Being 45


Every year, without fail, no matter how much I try to skip it, I get a year older.  Some years this goes by with barely a blip on the “oh my god, I’m getting older!” radar.  Other years, an alarm goes off, warning me I’m passing some milestone I would rather not pass.  Well, actually, up until my 25th birthday, I looked forward to the milestones.  But, once I turned 25 and hit the final milestone that was important to me (being able to rent a car), I started wanting to put the brakes on aging.

At 25, I was suddenly, marvelously aware of how young I was.  I think the realization started to sink in when I walked in the print center at the office (back when there was such a thing) to pick up a printout and the guy working there had a big cake that said “Happy 25th!”  Upon learning it was his 25th service anniversary, I blurted out, “Wow!  You’ve been working here longer than I’ve been alive!”  He didn’t offer me a piece of cake.

That was in 1989.  I ended up working in that same office until 2006.  While it’s not 25 years, the speed at which those 17 years flew by was astounding.

As I write this, I realize I have had a “career” (if that’s what we call it) for 23 years.  That’s more years than I had been alive when I insulted that poor man on his service anniversary.

These are the kinds of thoughts that depress me.  Not that there’s anything wrong with being 23 years into my career.  I just hate to think that it’s really been 23 years.  I find myself wondering what’s next.

I want there to be at least 1 person who would say they learned something so meaningful from me it changed their lives in a powerful and positive way.  I haven’t found that person yet and I fear I’m running out of time.

The truth is I sometimes feel a sudden stab of irrational fear as the clock ticks.  I am only 3 years younger than my mother was when she was diagnosed with breast cancer.  I am only 13 years younger than my mother was when she died.  I know it’s silly, but fear rumbles in my belly when I least expect it.  I try not to indulge this fear.  After all, does it matter how much longer I have left?  How often have we heard we should live every day like it’s our last?  Of course, that probably isn’t advice coming from a financial planner.

In spite of my anxieties about aging, I did two things today to celebrate being 45:  I flew off the big training hill for the first time at the hang gliding flight park and I ate chocolate truffle cake for dessert after my birthday dinner.  Hang gliding feels like seizing life and squeezing a little extra out of it.  Chocolate truffle cake feels like decadence.  Both seem appropriate for someone who’s made it through 45 years.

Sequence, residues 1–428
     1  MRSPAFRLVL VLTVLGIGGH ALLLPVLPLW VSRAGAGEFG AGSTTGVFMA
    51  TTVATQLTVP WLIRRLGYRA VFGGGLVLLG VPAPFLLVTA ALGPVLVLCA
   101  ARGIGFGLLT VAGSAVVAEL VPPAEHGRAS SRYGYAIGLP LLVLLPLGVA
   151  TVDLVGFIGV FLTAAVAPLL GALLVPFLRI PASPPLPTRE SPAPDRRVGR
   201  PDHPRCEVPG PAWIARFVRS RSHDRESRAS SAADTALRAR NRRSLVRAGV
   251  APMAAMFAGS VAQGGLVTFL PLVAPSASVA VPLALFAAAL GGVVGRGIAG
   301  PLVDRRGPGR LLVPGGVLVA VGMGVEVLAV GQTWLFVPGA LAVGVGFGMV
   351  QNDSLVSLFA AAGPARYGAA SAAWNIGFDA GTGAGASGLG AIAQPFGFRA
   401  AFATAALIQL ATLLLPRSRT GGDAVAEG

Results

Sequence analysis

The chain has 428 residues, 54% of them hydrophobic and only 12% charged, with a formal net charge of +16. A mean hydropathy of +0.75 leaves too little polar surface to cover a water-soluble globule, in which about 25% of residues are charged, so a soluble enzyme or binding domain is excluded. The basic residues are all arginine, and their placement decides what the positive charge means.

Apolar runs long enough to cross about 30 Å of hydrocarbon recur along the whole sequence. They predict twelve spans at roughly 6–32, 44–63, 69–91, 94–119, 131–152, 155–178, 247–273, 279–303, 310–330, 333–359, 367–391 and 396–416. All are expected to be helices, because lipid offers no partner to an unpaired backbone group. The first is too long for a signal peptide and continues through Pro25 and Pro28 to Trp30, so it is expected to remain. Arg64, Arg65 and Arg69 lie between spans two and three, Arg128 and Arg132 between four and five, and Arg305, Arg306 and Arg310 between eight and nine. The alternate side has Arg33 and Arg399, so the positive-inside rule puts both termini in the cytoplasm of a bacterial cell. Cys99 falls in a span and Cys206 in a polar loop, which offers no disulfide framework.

5 responses to “Being 45

  1. Hope you enjoyed your birthday. It sounds like a good one, but I would take the chocolate over the hang gliding any day…there is just something about heights..:)! Congratulations on your flight.

    Most of us at some point in time will dwell for a while on our mortality and hope that we have done something that has made an impact on others. Often, we will not see those results but they are there. My mom was 60 when she passed away, but my dad was my age (or my age next month) when he passed away with cancer–almost 10 years younger than she was when she died. It is really depressing to think about it all and wait for “what’s next.” I say make the best of what you have and enjoy every single day because we do not know how long we have. Well, that’s what I keep telling myself…

  2. Nice post but in response to: “I want there to be at least 1 person who would say they learned something so meaningful from me it changed their lives in a powerful and positive way.”

    I’m afraid I’m going to have to ask you the following: why?

    • Thanks for your comment. To answer your question, each of us leaves a legacy. Intentionally and/or unintentionally. I imagine all my experimenting, stumbling, learning, and trying again are my most probable legacy. It’d be nice if my life lessons benefit someone other than just me.

      • Perhaps I’ll just go with the assumption the dogs I’ve worked with have learned lessons that profoundly changed their lives. Then, I can die happy and no one can prove me wrong. 🙂 But seriously, we all have opportunities to make a difference every day. The “someone else” is not required to be a child. I would think that you, for example, have many such opportunities as a judge?

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